The Dead Sea (Hebrew: ים המלח, Hebrew transliteration:Yam HaMelach; Arabic: البحر الميت, Arabic transliteration: al-Bahir al-Mayyit), shares borders with Israel, the West Bank and Jordan. It is the lowest point in the world at 394.6 m (1269 ft) below sea level. Currently, 25 km of Dead Sea coastline lie within Palestinian Authority territory, including Qumran and Ein Feshka.
The Israeli side of the Dead Sea is a possible day trip from Jerusalem (39km from Northern Dead Sea), Eilat (220km from Southern Dead Sea), or, at a stretch Tel Aviv (98km from Northern Dead Sea). There are three main road entry routes into the Dead Sea area. The first is via Highway 1 and Highway 90, through the West Bank, from the Jerusalem area. Alternatively, you could access the area from Eilat via Highway 90 from the south, or from the road from Beersheva via Arad.
The main access points are the oases of Ein Gedi and Ein Bokek, both accessible via Egged bus from Jerusalem (lines 486 and 487), Tel Aviv (421, starts once a day from Arlozorov Station at 8.36 am ), Eilat (444), Beersheva and Arad (384). Both Ein Gedi and Ein Bokek have public access beaches, but Ein Bokek's beach is the better of the two. Population services are infrequent, so check schedules before heading out.
Taxi services can also serve the Dead Sea.
On the Jordanian side, the Dead Sea is possible as a day trip from Amman. Tourist areas are accessible from a main road that runs along the eastern side of the body of water and connects to Jordan's Desert Highway running to Amman. Highways leading to the Dead Sea are clearly marked by brown tourist signs. It is an ambitious 3-hour drive from Aqaba in southern Jordan.
Taxi services for travel to the Dead Sea can be purchased for the day. Many of the local hotels and resorts have shuttles that travel from Amman to the Dead Sea for a small fee. There are a handful of bus lines that also run from Amman on a daily basis.
The cost to enter the public beach varies from 10 Jordanian Dinar (JD) in the summer months to 5 JD in off peak months. Many hotels also sell day passes that include full use of hotel facilities as well as their Dead Sea beachfronts; at the Mövenpick Resort, day passes cost 20 JD per person.
The water in the Dead Sea is extremely salty, and has been estimated to be the saltiest major body of water in the world. Its name is derived from the fact that the water is far too salinated for marine inhabitation.
The Dead Sea is naturally endorheic (no outlet streams) with the Jordan River being its only major source. The northern part of the Dead Sea receives scarcely 100 mm (4 inches) of rain a year; the southern section receives barely 50 mm (2 inches). Due to the man-made reduction of the Jordan River (the river waters are 70-90 % used for human purposes) and the high evaporation rate of the Dead Sea, the sea is shrinking. All the shallow waters of the southern end of the sea have been drained and are now salt flats.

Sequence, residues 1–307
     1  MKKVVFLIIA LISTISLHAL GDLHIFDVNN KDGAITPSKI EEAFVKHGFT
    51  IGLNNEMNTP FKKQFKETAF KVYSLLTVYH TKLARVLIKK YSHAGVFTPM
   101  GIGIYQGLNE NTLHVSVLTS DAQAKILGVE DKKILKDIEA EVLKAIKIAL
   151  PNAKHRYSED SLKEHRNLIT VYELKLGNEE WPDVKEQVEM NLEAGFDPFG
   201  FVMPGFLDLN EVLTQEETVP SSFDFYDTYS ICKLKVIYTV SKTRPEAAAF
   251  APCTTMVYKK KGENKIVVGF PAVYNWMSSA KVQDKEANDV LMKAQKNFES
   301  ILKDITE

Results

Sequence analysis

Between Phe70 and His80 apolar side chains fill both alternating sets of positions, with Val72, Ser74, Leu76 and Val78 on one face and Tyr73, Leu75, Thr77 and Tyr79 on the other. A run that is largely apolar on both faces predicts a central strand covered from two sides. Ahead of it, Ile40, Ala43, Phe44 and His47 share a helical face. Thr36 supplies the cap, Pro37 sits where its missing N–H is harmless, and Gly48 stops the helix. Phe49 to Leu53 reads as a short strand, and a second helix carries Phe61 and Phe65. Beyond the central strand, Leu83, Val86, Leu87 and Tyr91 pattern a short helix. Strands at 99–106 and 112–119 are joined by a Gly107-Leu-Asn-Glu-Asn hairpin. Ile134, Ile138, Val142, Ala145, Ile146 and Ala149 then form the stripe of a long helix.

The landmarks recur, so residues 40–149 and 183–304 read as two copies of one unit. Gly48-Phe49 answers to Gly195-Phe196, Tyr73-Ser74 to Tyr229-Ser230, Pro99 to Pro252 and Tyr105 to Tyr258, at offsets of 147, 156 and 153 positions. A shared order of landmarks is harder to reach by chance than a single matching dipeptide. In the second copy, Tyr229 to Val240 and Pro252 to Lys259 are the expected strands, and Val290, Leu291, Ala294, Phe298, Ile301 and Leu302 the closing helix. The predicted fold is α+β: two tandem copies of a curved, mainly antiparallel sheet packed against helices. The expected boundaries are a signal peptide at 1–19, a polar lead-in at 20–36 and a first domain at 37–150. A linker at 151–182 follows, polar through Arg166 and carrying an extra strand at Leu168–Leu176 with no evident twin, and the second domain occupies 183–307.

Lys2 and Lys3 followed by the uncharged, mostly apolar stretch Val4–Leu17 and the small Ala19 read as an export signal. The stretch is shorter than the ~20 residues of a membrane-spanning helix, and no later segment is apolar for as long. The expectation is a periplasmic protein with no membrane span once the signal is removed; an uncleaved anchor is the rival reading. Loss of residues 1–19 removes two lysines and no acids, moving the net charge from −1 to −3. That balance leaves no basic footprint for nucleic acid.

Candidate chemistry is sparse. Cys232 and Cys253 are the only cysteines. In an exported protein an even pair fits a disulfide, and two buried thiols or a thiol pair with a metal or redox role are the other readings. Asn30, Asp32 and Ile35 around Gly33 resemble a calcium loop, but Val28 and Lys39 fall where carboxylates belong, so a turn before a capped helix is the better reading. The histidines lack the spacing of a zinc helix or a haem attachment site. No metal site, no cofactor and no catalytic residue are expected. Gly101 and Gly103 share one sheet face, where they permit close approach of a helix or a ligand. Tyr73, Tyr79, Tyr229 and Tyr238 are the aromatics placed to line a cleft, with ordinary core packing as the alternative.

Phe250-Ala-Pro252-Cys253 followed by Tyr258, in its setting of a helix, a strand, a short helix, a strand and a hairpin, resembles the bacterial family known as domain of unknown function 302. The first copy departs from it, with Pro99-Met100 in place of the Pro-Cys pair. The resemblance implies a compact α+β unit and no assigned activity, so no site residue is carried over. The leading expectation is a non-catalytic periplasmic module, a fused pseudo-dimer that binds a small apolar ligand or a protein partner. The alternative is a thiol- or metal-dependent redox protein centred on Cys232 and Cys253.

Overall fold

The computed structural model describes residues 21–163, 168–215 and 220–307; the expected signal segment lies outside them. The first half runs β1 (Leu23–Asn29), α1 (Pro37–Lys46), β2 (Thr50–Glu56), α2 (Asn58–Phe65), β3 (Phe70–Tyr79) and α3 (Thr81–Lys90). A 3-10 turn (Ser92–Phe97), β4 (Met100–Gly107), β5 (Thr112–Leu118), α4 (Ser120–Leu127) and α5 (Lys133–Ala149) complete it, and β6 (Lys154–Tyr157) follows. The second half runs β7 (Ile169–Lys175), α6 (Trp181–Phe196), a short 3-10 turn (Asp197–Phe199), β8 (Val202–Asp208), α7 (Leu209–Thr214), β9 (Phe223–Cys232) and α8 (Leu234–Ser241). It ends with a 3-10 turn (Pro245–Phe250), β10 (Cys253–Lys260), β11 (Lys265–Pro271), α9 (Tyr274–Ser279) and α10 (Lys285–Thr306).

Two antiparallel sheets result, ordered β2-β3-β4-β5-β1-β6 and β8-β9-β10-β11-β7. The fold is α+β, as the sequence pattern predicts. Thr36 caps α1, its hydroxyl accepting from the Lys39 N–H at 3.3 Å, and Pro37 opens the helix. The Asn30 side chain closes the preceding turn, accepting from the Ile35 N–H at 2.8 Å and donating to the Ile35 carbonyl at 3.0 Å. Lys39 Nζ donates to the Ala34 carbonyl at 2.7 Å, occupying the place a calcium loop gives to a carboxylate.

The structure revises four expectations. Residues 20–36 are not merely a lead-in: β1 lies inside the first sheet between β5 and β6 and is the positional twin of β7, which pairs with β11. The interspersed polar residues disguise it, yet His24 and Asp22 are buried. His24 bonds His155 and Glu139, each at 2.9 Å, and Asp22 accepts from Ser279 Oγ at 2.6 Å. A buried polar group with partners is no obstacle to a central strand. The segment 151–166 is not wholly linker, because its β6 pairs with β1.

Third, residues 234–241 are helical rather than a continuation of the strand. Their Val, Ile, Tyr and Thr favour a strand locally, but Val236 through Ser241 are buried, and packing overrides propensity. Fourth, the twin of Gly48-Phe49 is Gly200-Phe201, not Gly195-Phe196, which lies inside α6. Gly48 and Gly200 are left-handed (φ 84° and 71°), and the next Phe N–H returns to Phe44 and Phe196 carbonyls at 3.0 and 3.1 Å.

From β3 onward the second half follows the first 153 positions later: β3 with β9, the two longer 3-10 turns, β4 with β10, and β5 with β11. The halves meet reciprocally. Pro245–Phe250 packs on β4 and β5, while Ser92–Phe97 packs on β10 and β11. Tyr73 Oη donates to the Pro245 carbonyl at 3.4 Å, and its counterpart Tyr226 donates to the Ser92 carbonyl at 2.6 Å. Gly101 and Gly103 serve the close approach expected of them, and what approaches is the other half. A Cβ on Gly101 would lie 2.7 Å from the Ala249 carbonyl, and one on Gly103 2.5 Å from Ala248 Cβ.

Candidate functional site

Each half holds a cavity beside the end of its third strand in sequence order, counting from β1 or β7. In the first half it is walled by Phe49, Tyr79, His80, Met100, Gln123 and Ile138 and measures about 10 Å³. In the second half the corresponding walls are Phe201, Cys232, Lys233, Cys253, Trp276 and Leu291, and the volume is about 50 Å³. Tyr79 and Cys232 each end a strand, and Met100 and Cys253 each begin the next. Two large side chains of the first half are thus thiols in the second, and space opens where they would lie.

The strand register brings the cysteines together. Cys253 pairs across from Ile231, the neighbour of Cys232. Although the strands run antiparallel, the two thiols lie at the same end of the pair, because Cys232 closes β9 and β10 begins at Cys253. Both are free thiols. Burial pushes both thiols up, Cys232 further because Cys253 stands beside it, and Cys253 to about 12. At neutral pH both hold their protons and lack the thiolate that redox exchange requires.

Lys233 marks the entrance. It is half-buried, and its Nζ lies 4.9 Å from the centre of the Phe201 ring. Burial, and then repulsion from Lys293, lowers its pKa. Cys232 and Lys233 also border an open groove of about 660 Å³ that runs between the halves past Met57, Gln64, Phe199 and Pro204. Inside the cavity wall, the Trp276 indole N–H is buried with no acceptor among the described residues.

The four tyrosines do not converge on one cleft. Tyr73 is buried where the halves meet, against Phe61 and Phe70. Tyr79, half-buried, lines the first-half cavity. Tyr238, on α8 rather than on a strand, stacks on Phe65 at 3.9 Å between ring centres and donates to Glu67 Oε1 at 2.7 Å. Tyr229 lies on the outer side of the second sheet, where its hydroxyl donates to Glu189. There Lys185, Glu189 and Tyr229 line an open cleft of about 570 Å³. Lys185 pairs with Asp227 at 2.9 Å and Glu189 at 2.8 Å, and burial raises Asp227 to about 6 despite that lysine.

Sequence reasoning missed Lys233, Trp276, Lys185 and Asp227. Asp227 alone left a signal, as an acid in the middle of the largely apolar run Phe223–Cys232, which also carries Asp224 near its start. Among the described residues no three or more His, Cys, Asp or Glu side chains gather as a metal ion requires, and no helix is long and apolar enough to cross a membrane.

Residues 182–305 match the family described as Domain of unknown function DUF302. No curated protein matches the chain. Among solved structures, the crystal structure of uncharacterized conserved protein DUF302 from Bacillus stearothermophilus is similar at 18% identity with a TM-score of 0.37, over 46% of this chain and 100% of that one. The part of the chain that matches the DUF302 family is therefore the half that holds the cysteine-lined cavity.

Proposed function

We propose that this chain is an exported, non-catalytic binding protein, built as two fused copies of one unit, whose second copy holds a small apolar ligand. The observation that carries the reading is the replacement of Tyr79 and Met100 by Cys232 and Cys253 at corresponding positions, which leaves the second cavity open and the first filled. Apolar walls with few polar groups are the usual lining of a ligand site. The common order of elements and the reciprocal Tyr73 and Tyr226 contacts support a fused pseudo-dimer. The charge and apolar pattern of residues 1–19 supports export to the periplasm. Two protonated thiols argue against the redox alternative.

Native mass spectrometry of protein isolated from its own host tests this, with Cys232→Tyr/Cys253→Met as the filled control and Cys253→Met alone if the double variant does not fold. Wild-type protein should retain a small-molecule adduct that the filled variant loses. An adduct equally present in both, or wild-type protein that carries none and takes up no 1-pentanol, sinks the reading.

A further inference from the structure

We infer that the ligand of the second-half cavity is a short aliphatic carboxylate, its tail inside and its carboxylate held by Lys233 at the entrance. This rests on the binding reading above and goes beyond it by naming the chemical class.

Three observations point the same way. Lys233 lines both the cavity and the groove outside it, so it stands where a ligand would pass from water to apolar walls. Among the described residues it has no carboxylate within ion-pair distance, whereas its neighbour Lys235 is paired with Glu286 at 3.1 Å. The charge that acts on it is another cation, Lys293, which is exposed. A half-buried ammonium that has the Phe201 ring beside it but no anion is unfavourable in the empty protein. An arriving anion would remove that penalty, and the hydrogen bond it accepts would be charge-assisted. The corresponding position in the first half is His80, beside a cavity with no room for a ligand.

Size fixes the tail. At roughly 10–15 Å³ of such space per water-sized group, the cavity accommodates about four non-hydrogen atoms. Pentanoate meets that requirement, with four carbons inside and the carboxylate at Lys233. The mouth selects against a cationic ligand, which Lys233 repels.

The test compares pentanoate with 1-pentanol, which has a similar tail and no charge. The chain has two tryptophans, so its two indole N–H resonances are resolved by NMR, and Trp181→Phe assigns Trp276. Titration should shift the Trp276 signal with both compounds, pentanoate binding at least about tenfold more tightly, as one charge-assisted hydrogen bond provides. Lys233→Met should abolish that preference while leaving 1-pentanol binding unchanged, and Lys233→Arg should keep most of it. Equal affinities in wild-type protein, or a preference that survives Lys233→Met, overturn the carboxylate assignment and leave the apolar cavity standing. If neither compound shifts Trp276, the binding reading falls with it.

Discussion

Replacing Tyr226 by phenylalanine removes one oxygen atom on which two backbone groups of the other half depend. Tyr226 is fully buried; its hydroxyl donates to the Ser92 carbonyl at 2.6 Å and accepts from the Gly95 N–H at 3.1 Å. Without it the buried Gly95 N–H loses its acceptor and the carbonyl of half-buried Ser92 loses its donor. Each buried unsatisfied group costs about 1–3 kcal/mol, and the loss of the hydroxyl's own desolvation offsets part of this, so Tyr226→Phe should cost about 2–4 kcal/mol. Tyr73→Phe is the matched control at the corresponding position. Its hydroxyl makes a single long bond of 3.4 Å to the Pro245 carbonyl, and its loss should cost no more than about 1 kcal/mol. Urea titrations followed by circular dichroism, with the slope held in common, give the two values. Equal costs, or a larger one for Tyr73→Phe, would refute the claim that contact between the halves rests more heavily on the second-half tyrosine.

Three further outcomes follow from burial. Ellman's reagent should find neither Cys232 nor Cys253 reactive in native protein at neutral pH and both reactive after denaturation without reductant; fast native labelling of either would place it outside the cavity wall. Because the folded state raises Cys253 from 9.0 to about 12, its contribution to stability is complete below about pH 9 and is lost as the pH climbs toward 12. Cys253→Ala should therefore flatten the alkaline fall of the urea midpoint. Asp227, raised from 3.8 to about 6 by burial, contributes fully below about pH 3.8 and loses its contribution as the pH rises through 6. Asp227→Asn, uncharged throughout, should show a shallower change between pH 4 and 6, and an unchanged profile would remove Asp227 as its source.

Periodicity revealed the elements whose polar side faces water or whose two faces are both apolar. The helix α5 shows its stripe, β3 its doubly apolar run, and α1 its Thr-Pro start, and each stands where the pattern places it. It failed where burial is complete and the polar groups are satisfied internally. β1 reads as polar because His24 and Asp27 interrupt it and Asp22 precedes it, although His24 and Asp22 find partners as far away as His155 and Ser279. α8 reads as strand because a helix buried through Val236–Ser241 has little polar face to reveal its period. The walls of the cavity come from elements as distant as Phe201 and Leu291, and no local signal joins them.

Although the Dead Sea would never entirely disappear (because evaporation slows down as surface area decreases and saltiness increases), measures are currently being proposed to siphon water from the Red Sea through a series of tunnels or canals in order to replentish the rapidly shrinking waters and provide water and electrical solutions to the surrounding countries.
The climate at the Dead Sea varies depending on the season. Temperatures during the tourist season can become extremely warm, ranging from 30°C (86°F) in the spring to upwards of 40°C (104°F) in the summer. The area receives an average of 330 days of sunshine per year, with rainy days occurring only during winter (if at all).
Although the Dead Sea is very sunny the low altitude and extra atmosphere makes the sunlight weaker. It is therefore said that sunbathing here carries a lower risk of sunburn, but it is still advisable to take normal precautions using sunblock and adapt gradually. This quality of the Dead Sea sunlight is the real secret behind its mythological curing ability for several diseases, especially skin diseases. This is, in fact, natural phototherapy.
During winter and spring there is a danger of floods on rainy days. The Dead Sea basin receives rainwater from relatively far-off areas like the Jerusalem Mountains. This means that sometimes during a sunny day a flood will suddenly and unexpectedly occur. Therefore, be careful when hiking to distant narrow places during these seasons and stay tuned to the weather news. The weather forecast always gives warnings if there is a possibility of flooding. Always do as national reserves staff order - they know the terrain very well. In 2007, several Israelis who had been "snappling" (rappelling) were killed by a flood because they did not obey national reserve staff orders.
The hypersalinated water of the Dead Sea itself is its own attraction. There are several nearby attractions that are worth attention:
Israel and the West Bank